A dangerous method: Syria, Sy Hersh, and the art of mass-crime revisionism

In the LA Review of Books, Muhammad Idrees Ahmad writes: On the day the London Review of Books published a widely circulated article by veteran journalist Seymour Hersh exonerating the Syrian regime for last year’s chemical attack, 118 Syrians, including 19 children, died in aerial bombing and artillery fire. Only the regime has planes and heavy ordnance.

Since last November, Aleppo has been targeted by helicopters dropping explosives-filled barrels from high altitudes. Between last November and the end of March, Human Rights Watch recorded 2,321 civilian deaths by this indiscriminate weapon. Only the regime has helicopters.

For many months after the chemical massacre, the targeted neighborhoods and the Yarmouk refugee camp were kept under a starvation siege. Aid agencies were denied entry. Only the regime controls access.

The regime’s ruthlessness has never been in doubt. Reports by Human Rights Watch, Amnesty International, the UN’s Independent International Commission of Inquiry, and myriad journalists and on-the-ground witnesses have repeatedly confirmed it. The regime has demonstrated the intent and capability to inflict mass violence. The repression is ongoing.

So when an attack occurred last August, employing a weapon that the regime was known to possess, using a delivery mechanism peculiar to its arsenal, in a place the regime was known to target, and against people the regime was known to loathe, it was not unreasonable to assume regime responsibility. This conclusion was corroborated by first responders, UN investigators, human rights organizations, and independent analysts.

When a Pulitzer Prize–winning journalist and a respectable literary publication undertake to challenge this consensus, one reasonably expects due diligence. The gravity of the matter demands that a high burden of proof be met. Sources would have to be vetted, claims corroborated, contrary evidence addressed.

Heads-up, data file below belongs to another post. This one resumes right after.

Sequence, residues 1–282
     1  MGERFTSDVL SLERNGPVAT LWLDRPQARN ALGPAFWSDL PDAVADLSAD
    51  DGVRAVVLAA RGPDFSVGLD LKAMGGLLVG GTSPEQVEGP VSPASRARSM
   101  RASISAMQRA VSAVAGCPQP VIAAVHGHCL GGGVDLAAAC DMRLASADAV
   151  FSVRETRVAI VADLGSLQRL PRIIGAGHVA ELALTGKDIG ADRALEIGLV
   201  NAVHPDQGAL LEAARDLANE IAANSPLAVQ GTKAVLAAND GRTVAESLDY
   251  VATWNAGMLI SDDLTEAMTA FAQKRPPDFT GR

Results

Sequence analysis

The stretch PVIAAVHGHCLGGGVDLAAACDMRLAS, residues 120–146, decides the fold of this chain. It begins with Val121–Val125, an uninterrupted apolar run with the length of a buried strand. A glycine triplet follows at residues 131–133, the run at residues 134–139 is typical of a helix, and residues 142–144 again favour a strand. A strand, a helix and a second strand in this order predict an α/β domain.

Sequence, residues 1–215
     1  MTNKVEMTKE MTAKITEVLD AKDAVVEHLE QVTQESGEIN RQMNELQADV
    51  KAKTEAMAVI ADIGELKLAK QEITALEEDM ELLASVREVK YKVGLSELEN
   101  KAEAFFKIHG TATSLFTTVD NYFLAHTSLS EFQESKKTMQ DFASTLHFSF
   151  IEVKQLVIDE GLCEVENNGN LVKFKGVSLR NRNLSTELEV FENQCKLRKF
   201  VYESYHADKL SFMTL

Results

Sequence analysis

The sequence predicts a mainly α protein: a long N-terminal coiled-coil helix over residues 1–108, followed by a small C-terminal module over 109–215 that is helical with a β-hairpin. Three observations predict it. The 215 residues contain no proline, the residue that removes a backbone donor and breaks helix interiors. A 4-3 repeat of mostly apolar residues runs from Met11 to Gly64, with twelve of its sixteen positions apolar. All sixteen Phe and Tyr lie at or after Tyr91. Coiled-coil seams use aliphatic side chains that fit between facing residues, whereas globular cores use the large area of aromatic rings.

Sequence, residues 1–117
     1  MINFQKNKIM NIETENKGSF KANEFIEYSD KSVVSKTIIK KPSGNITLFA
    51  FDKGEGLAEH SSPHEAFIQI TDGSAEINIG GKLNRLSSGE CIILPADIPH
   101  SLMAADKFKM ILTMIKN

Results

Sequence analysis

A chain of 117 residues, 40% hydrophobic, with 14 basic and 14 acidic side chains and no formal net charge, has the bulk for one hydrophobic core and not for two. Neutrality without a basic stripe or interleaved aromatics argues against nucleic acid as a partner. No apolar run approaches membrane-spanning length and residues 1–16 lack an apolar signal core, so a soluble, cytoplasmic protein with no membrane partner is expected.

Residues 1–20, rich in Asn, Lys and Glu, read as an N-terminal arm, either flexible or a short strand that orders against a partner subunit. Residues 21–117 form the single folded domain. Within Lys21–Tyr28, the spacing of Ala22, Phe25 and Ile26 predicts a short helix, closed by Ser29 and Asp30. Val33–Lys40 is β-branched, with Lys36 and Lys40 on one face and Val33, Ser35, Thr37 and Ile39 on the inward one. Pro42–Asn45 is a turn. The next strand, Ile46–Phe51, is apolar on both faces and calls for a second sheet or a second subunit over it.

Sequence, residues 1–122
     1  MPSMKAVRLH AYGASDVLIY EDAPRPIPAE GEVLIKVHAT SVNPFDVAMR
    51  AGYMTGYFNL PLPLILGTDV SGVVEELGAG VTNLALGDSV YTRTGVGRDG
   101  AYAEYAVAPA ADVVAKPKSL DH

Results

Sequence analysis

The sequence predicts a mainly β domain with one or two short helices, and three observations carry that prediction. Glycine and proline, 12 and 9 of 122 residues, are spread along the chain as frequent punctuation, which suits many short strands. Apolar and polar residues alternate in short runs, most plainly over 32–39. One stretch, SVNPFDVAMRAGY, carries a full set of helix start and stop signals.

But the editors didn’t do that. They gave precedence to storytelling over truth-telling. They disregarded available evidence and, based on the uncorroborated claims of a single unnamed source, absolved the perpetrator of a horrific atrocity, demonized his opponents, and slandered a foreign head of state. Worse, in using Hersh as click bait, they provided a smokescreen for new violations.

Five days after Hersh’s article went live, a military helicopter dropped a barrel bomb on Kafr Zita. This one carried toxic chlorine instead of the usual TNT. The regime, like Hersh, blamed the Islamist group Jabhat al-Nusra. But only the regime has an air force.

In a time of ongoing slaughter, to obfuscate the regime’s well-documented responsibility for a war crime does not just aid the regime today, it aids it tomorrow. As long as doubts remain about previous atrocities, there will be hesitancy to assign new blame. Accountability will be deferred.

Propaganda usually functions on one of two tracks: sometimes it builds support for a desired policy, sometimes it saps support for an undesired one. The former relies on persuasion, the latter on obfuscation. “Doubt is our product” is the assurance PR firms in the 1950s gave to a jittery tobacco industry facing accumulating scientific evidence linking cigarettes to cancer. Energy companies wishing to impede environmental legislation have since invested in the same strategy. This is also Hersh’s method. [Continue reading…]

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